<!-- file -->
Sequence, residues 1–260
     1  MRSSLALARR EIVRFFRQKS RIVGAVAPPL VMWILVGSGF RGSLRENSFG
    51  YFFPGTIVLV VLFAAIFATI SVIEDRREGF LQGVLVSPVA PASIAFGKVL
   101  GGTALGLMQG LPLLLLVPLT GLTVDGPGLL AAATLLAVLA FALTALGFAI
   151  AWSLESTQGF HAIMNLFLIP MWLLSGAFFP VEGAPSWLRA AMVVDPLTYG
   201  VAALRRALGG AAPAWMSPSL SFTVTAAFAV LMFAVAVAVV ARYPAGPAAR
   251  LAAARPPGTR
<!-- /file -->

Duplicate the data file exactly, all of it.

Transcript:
Sequence, residues 1–260
     1  MRSSLALARR EIVRFFRQKS RIVGAVAPPL VMWILVGSGF RGSLRENSFG
    51  YFFPGTIVLV VLFAAIFATI SVIEDRREGF LQGVLVSPVA PASIAFGKVL
   101  GGTALGLMQG LPLLLLVPLT GLTVDGPGLL AAATLLAVLA FALTALGFAI
   151  AWSLESTQGF HAIMNLFLIP MWLLSGAFFP VEGAPSWLRA AMVVDPLTYG
   201  VAALRRALGG AAPAWMSPSL SFTVTAAFAV LMFAVAVAVV ARYPAGPAAR
   251  LAAARPPGTR